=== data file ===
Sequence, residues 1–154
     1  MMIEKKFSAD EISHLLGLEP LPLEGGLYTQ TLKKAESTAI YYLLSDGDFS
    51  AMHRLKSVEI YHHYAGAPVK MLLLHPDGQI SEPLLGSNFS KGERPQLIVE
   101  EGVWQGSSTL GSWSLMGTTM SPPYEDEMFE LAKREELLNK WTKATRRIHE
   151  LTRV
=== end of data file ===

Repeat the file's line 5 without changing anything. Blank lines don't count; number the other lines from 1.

   151  LTRV